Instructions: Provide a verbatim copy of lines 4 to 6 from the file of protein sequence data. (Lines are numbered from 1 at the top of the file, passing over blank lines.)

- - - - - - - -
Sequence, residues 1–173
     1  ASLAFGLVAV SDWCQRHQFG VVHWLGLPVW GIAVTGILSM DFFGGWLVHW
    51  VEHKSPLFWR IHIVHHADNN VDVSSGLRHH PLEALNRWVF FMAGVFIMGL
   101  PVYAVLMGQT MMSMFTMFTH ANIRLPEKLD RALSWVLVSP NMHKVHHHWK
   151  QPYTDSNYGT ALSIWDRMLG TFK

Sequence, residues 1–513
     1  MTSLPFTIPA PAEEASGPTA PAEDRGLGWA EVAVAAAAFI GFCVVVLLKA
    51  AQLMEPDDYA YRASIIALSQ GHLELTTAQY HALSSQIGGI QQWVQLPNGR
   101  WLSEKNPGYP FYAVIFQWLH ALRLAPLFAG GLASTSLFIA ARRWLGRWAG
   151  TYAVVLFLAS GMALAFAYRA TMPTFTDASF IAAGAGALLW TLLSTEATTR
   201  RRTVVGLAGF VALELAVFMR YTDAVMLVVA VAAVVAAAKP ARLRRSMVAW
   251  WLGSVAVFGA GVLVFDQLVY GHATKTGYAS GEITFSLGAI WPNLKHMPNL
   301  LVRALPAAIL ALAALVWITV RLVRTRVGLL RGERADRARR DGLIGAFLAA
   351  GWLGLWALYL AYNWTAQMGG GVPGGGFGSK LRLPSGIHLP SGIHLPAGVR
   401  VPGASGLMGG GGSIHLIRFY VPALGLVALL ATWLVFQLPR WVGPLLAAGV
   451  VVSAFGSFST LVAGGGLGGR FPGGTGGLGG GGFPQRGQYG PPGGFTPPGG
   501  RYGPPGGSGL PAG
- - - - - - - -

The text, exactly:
   101  PVYAVLMGQT MMSMFTMFTH ANIRLPEKLD RALSWVLVSP NMHKVHHHWK
   151  QPYTDSNYGT ALSIWDRMLG TFK

Sequence, residues 1–513